alexa Anatomy | Lingual Vestibule | open access | Peer reviewed
ISSN: 2161-0940
Anatomy & Physiology: Current Research
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Anatomy of the Lingual Vestibule and its Influence on Denture Borders

Gandage Dhananjay S1*, Abu Siddiqui2, Gangadhar SA1 and Lagdive SB3

1Department of Prosthodontics Including Crown and Bridge, Rural Dental College, Pravara Institute of Medical Sciences, Maharashtra, India

2Department of Anatomy, All India Institute of Medical Sciences, Raipur, Chhattisgarh, India

3Department of Prosthodontics, Government Dental College & Hospital, Ahmedabad, Gujarat, India

*Corresponding Author:
Gandage Dhananjay S
Department of Prosthodontics
Rural Dental College
Pravara Institute of Medical Sciences
Ahmednagar, Maharashtra, India
E-mail: [email protected]

Received date September 11, 2013; Accepted date October 11, 2013; Published date October 13, 2013

Citation: Gandage Dhananjay S, Siddiqui A, Gangadhar SA, Lagdive SB (2013) Anatomy of the Lingual Vestibule and its Influence on Denture Borders. Anat Physiol 3:122. doi:10.4172/2161-0940.1000122

Copyright: © 2013 Gandage Dhananjay S, et al. This is an open-access article distributed under the terms of the Creative Commons Attribution License, which permits unrestricted use, distribution, and reproduction in any medium, provided the original author and source are credited.

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Abstract

Objective: The correct positioning of lingual borders of mandibular denture is challenging. The border seal is
achieved by the contact of borders with the soft tissue. However because of the tongue the lingual borders are not visible directly. The influence of so many muscles on the borders of the denture makes the understanding of lingual borders all the more complicated.

Method: This article attempts to describe the clinical anatomy of the lingual vestibule and its influence on
denture borders. Dissection of the floor of the mouth was carried out on cadaver through an intra oral approach and the anatomy described. Routine border molding and final impression procedure for the mandibular denture was carried out on a patient receiving complete dentures in the post graduate clinic in the department of Prosthodontics.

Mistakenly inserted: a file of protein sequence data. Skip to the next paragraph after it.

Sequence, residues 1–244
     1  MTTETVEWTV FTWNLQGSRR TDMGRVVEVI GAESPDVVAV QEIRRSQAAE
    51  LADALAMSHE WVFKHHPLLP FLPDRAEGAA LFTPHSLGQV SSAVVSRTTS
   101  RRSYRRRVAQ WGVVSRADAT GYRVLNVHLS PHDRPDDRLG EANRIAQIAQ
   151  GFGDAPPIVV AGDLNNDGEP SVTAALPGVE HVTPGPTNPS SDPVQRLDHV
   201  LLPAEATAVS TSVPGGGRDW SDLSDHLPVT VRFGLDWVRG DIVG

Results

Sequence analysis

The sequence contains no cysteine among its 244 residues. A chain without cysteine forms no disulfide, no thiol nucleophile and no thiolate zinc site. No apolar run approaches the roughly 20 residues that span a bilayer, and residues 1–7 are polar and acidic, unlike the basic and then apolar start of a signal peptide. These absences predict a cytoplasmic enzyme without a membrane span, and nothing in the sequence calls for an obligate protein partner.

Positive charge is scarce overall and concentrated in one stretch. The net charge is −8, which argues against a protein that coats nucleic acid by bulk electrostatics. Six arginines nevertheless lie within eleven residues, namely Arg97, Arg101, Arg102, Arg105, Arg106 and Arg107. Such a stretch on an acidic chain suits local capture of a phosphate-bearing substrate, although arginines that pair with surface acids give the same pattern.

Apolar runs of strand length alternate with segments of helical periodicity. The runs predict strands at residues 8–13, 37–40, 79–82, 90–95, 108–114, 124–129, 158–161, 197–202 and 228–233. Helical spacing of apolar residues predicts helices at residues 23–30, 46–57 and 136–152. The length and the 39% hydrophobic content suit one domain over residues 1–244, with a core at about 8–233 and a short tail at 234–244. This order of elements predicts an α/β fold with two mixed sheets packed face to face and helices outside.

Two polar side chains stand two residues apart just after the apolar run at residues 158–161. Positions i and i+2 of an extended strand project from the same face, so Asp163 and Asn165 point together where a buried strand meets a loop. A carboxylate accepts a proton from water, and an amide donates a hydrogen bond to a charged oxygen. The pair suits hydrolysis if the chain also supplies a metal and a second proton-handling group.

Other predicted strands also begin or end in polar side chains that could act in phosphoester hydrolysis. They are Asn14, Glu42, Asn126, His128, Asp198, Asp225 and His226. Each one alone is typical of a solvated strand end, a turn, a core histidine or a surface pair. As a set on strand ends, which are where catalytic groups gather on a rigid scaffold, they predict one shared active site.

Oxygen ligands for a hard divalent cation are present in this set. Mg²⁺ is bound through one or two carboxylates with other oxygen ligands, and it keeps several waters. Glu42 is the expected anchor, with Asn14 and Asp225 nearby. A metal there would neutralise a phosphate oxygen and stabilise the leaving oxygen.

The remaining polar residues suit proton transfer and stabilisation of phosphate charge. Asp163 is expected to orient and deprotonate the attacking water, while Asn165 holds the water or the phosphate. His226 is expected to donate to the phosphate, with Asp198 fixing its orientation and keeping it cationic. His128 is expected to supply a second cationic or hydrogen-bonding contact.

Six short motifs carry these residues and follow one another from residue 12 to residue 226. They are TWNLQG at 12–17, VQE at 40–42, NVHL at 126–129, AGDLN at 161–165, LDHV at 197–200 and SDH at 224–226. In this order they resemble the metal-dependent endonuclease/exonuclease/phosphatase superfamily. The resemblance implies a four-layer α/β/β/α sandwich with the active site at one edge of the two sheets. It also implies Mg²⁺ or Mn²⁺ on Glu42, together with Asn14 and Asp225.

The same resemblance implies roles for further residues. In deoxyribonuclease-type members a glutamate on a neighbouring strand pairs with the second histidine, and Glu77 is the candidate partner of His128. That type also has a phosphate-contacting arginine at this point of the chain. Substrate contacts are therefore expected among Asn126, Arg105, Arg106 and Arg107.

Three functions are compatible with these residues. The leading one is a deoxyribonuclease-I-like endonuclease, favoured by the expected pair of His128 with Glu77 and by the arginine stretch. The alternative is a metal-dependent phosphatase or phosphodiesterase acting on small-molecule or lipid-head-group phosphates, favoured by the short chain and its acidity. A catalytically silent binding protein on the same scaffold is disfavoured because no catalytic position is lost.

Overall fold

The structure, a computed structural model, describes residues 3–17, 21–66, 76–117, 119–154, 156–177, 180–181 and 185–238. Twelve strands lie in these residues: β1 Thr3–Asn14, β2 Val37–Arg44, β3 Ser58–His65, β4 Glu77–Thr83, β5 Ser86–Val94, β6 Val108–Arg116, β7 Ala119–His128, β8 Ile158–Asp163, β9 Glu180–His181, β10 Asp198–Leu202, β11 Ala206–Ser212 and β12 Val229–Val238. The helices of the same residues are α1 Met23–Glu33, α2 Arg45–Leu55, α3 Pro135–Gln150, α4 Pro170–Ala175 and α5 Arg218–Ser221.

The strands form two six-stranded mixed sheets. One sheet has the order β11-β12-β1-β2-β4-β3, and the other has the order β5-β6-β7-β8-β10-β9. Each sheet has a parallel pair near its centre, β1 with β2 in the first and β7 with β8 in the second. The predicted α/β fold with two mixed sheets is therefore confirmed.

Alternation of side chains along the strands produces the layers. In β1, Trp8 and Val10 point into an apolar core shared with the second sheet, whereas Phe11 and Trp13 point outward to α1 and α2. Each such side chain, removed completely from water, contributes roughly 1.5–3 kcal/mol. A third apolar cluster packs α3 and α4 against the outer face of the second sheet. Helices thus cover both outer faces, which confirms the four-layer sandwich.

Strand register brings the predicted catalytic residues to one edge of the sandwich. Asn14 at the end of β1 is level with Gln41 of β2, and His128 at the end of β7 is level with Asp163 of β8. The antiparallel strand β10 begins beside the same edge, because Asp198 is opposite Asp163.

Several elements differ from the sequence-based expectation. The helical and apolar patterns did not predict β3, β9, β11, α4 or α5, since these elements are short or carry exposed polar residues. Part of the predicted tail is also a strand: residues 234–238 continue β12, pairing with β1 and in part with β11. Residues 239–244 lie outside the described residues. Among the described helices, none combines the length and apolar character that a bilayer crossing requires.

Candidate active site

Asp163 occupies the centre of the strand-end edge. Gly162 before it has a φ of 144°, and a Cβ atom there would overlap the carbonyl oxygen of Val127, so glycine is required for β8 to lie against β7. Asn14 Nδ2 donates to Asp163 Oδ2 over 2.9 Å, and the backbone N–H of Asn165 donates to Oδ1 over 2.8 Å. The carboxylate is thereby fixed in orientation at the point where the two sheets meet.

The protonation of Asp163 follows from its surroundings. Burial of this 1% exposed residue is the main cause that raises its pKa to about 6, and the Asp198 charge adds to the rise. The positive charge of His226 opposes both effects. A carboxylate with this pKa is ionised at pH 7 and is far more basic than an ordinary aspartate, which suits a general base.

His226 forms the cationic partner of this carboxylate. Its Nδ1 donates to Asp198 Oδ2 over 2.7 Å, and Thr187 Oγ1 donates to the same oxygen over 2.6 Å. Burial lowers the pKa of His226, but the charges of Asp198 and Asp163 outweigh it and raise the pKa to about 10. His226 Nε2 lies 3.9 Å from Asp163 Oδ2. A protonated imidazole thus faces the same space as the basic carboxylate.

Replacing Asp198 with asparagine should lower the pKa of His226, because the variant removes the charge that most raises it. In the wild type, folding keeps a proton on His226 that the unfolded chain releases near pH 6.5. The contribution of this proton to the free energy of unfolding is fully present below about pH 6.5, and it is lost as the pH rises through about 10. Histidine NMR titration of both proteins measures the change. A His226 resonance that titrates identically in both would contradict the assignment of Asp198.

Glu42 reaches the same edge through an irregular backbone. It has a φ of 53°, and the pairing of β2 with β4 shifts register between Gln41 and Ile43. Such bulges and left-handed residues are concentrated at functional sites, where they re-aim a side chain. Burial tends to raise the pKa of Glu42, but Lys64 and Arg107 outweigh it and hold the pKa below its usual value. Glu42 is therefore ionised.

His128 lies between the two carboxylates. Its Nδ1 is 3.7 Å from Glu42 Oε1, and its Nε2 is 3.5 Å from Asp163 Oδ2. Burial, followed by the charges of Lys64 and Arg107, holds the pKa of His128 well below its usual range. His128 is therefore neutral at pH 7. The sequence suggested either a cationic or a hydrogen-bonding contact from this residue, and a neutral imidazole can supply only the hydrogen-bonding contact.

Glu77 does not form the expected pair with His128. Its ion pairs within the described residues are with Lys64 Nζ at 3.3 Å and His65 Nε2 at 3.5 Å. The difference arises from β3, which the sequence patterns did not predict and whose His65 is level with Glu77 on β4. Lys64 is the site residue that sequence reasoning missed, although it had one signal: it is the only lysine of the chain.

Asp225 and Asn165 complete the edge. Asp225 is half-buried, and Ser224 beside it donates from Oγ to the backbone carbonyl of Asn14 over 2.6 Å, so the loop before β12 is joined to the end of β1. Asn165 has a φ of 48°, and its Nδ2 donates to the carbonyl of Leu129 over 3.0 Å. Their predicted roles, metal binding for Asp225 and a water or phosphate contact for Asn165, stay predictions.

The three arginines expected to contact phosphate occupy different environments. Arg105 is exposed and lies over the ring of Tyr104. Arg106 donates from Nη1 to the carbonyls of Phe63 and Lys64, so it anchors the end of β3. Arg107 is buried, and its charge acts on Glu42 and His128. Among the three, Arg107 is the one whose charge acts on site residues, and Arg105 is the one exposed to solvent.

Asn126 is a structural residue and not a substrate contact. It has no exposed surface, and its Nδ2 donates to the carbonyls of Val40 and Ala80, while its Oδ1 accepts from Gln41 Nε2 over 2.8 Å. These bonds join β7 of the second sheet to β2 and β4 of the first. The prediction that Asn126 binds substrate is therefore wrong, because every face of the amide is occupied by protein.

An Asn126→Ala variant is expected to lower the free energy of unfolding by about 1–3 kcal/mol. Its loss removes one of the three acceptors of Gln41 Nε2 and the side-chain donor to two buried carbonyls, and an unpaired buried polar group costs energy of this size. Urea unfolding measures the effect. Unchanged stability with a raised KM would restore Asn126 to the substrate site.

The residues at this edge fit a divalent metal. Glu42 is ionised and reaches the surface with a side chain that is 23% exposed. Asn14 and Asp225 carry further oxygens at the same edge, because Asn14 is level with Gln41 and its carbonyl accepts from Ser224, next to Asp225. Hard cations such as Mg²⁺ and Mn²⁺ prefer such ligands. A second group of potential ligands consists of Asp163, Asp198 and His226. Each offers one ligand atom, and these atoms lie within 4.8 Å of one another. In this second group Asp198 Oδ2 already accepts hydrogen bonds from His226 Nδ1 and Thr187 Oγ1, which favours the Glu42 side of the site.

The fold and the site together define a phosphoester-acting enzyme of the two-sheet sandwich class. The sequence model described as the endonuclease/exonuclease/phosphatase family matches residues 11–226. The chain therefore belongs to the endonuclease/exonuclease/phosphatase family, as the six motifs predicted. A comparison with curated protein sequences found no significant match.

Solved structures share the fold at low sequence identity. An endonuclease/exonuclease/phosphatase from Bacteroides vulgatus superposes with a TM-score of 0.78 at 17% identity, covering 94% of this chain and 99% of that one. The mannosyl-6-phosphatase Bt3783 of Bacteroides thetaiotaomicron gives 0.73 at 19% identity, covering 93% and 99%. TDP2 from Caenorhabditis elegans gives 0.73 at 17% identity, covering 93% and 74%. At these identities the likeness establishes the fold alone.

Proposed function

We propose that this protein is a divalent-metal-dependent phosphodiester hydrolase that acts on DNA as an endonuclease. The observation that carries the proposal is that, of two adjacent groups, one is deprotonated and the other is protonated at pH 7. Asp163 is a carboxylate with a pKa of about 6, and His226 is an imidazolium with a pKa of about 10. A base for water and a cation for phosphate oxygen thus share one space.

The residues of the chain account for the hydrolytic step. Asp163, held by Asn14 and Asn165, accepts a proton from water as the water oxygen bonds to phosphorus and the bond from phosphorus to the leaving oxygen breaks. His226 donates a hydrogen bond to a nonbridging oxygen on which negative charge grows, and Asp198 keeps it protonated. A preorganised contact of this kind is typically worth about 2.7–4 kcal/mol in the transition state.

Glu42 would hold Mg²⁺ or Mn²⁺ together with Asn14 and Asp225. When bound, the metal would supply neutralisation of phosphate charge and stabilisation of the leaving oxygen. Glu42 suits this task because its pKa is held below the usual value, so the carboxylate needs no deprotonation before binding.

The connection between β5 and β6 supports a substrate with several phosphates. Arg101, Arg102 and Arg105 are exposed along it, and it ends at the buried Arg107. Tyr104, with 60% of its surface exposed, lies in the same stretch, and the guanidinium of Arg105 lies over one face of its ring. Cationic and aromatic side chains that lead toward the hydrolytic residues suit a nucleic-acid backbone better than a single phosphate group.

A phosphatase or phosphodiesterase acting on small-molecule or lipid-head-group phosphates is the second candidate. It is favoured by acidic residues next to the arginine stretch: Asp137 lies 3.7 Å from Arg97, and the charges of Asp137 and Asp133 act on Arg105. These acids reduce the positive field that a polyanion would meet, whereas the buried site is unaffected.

Results and Conclusions: The anatomy observed on dissected cadaver section was co related to the shape of the borders developed during the clinical procedure of border molding and final impression.

Keywords

Anatomy cadaver; Custom trays; Border molding; Final impression; Mylohyoid; Pre mylohyoid eminence; Sub lingual crescent; Retro mylohyoid curtain

Introduction

Achieving correct positioning of the lingual borders of the mandibular denture has taxed the abilities of generations of prosthodontists. The entire border of the denture should be in contact with soft displaceable tissues [1] to complete the peripheral seal and achieve satisfactory stability and retention. Covering the maximum area of the denture foundation is one of the prime requisites to improve support and stability. Registering the exact tissue details under physiologic pressure relates to dentures being stable in function. Accurate border molding within physiologic limits accomplishes the most desirable border seal [2]. Tilton further stated that “border molding ends at a point where the border tissues seat firmly but lightly against the denture periphery when the border tissues are in extreme function” [2].

Correct positioning of the mandibular labial and buccal borders is relatively easy due to limited mobility of adjacent muscles, frenum attachments and good accessibility [3]. However the lingual border is the least understood aspect of the mandibular complete denture. The purpose of the article is to illustrate the anatomy of the entire lingual vestibule and the influence of the associated muscles on the borders of mandibular complete denture. For this purpose dissection of the floor of the mouth was carried out on cadaver sample. The anatomy of each part of the lingual sulcus will be described with its clinical relevance in prosthodontic practice.

Structures at the floor of the mouth

The anterior region of the floor of the mouth is described as the sublingual crescent area. The muscles and the mucous membrane are separated by loose glandular connective tissue. Dissection of the cadaver sample was carried out. The dissection was carried out through an intra oral approach. After dissecting through the mucous membrane the most superiorly placed muscle is the genioglossus. The origin of the genioglossus muscle is the superior genial tubercle. The fibers of this fan shaped muscle run posteriorly and superiorly to be inserted into whole of the ventral surface of the tongue. (Figure 1 and 2) The fibers of genioglossus can be grouped as:

anatomy-physiology-Sagittal-section-tongue

Figure 1: Sagittal section of the tongue showing fibers of genioglossus and the geniohyoid and mylohyoid muscle.

anatomy-physiology-Coronal-view-floor-mouth

Figure 2: Coronal view of the floor of the mouth showing the anterior fibers of genioglossus (AG), Posterior fibers of genioglossus (PG) and underlying mylohyoid.

• Posterior group: inserted in the posterior part of the tongue. This group of fibers is responsible for the protrusion of the tongue.